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Microsoft and Google are running their main developer events at the same time this year, forcing developers to choose between the two events. While many businesses prefer a multi-cloud solution so they aren't locked in to a single provider, developers will have decide which platform will carry their conference attention in 2018.

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After last week's earnings report, where it was revealed that Surface sales were falling but that revenues were stable for Microsoft as people were buying more expensive devices, the company has revealed a new processor for the Surface Laptop. The Intel Core m3 powered model trims about 20% from the price of the previously entry-level Core i5-powered model.

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Microsoft's history with hardware has been mixed. They've made some great keyboards and mice and some that were designed to be used by extraterrestrials. And then there's the Zune. But the Surface convertible has been a massive success that created an entirely new computer category. But in their latest quarterly report, we learned that the company is selling fewer devices although their margins are higher.

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OneDrive for iOS has been given a significant update, with a refreshed UI, better support for accessing SharePoint files, drag and drop support, a bunch of new file previewers and tighter integration with the iOS Files app. These are welcome changes that make Microsoft's file sync and share service feel more like an integrated part of iOS than a bolt-on app.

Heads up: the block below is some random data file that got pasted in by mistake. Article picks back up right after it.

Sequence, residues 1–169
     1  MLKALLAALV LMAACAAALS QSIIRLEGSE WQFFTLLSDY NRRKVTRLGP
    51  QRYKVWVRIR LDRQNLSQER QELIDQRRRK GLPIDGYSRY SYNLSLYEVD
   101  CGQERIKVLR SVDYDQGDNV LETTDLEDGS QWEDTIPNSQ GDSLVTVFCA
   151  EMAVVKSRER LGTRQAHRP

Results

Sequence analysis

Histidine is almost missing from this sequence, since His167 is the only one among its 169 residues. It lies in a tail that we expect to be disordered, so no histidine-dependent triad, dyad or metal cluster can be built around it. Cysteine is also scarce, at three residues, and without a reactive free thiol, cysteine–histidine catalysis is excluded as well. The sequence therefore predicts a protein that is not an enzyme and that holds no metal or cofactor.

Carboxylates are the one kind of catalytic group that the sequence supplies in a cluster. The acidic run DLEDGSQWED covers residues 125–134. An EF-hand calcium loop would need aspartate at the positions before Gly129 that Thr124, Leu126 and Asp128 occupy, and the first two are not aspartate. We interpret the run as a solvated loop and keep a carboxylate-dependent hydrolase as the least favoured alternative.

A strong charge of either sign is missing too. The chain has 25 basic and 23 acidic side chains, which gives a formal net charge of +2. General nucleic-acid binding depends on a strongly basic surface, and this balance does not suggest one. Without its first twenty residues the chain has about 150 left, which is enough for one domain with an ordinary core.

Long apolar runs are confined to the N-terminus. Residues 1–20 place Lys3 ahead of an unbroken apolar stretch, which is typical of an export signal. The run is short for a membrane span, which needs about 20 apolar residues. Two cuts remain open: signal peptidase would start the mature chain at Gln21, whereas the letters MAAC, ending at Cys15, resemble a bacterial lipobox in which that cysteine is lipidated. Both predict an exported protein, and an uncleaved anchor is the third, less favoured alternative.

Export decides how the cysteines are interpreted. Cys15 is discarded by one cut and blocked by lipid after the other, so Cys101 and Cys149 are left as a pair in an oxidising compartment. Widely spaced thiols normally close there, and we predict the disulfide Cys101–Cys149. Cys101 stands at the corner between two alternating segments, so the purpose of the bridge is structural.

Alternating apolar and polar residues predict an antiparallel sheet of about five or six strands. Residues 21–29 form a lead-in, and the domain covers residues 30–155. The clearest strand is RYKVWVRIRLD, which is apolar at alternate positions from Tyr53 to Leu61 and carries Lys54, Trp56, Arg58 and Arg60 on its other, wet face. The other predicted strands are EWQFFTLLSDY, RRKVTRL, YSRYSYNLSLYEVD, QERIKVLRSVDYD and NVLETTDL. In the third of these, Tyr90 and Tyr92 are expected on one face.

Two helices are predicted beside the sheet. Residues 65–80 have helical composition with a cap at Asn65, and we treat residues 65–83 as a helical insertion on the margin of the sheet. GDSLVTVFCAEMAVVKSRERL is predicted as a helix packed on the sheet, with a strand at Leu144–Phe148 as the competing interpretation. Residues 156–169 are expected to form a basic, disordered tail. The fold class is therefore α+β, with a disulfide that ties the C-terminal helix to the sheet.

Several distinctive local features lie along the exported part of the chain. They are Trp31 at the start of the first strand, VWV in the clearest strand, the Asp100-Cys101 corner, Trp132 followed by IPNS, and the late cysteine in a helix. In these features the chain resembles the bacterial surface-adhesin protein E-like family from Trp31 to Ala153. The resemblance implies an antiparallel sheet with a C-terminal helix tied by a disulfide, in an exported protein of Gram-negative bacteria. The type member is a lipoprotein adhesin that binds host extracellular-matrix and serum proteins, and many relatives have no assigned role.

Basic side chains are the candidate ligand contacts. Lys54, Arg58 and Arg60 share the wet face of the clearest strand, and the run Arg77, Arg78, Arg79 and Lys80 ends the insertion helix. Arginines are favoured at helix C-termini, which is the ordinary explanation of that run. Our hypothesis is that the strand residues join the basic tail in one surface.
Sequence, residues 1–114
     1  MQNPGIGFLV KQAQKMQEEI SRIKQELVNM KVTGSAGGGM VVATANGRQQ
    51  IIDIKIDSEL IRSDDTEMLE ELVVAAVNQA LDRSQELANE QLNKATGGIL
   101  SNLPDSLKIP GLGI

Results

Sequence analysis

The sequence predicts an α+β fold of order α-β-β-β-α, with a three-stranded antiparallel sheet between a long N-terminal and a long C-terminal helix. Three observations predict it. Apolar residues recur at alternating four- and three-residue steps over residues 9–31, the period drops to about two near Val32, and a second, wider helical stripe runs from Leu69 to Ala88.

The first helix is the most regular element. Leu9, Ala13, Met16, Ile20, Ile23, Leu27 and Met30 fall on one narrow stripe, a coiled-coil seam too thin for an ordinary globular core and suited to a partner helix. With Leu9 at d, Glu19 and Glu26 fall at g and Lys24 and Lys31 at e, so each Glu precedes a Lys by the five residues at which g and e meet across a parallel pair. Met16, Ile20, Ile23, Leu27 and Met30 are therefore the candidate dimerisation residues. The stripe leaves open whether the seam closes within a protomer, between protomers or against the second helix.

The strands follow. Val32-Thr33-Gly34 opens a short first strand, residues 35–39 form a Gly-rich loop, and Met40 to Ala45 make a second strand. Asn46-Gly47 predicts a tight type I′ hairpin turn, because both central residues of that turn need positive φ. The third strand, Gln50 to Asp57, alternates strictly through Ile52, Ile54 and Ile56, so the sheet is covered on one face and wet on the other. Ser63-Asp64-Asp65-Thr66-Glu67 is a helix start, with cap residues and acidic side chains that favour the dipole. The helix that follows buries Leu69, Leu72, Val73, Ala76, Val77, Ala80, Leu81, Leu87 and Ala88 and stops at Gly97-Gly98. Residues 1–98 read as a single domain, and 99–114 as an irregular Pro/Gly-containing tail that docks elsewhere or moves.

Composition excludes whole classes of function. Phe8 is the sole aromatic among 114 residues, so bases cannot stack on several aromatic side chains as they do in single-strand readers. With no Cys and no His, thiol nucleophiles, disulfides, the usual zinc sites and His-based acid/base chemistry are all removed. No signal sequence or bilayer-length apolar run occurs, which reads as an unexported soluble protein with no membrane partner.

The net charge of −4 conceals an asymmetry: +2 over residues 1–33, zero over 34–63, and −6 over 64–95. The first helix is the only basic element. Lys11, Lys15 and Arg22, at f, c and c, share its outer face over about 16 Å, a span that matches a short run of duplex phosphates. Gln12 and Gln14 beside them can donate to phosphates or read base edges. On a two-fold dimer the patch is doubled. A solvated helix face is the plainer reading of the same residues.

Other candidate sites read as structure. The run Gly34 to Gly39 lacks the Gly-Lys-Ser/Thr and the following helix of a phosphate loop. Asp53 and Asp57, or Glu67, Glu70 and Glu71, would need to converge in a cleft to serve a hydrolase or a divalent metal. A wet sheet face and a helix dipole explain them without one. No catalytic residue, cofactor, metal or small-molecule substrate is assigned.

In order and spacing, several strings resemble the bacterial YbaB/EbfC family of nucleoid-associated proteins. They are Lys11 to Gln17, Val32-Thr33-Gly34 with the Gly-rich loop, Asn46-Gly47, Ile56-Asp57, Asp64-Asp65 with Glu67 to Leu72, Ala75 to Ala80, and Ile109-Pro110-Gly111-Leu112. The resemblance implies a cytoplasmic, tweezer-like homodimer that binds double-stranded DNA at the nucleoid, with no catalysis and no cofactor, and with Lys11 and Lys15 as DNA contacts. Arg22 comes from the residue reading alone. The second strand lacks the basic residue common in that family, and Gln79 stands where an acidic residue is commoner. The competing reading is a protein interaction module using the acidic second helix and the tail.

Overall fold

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Privacy-conscious users will be happy to hear about Microsoft's latest addition to Windows 10, which adds transparency in terms of data collection, and finally let users see what information is being sent for analysis to Microsoft. The Windows Diagnostic Data Viewer makes it more convenient for users to see what data Microsoft is gathering, but won't do much to actually help users stop the company from getting their hands on the data in the first place. To halt data collection, you'll need a different version of Windows 10, one you can't exactly buy from your local Harvey Norman.

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After months of testing, speculation and preparation, Microsoft has removed the "Preview" tag from their Office apps in the Microsoft Store. This may seem like a small step but it's a clear signal that the only ways you'll be able to buy Microsoft Office in future will either be as part of an Office 365 subscription or by download through the Windows Store.

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As of today, Windows 8.1 is out of offical mainstream support from Microsoft. The deadline has passed which means most of us still running the last-gen operating system won't see updates or be able to call support.

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The biggest tech news of the summer has, arguably, been the revelation that CPUs in a massive number of computer systems are susceptible to three different vulnerabilities. Two of these, CVE 2017-5753 and CVE 2017-5715, have been dubbed Spectre with the third, CVE 2017-5754, given the Meltdown moniker. Tech companies around the world have been scrambling to provide mitigations to these vulnerabilities. Microsoft has provided some detail on what they've done and what performance impact you can expect.